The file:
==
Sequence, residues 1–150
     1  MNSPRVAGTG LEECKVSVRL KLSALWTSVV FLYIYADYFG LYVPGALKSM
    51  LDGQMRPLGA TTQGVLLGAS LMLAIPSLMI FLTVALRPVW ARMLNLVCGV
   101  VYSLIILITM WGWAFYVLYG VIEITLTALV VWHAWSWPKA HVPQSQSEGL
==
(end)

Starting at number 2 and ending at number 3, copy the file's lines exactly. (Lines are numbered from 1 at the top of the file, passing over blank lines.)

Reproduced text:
     1  MNSPRVAGTG LEECKVSVRL KLSALWTSVV FLYIYADYFG LYVPGALKSM
    51  LDGQMRPLGA TTQGVLLGAS LMLAIPSLMI FLTVALRPVW ARMLNLVCGV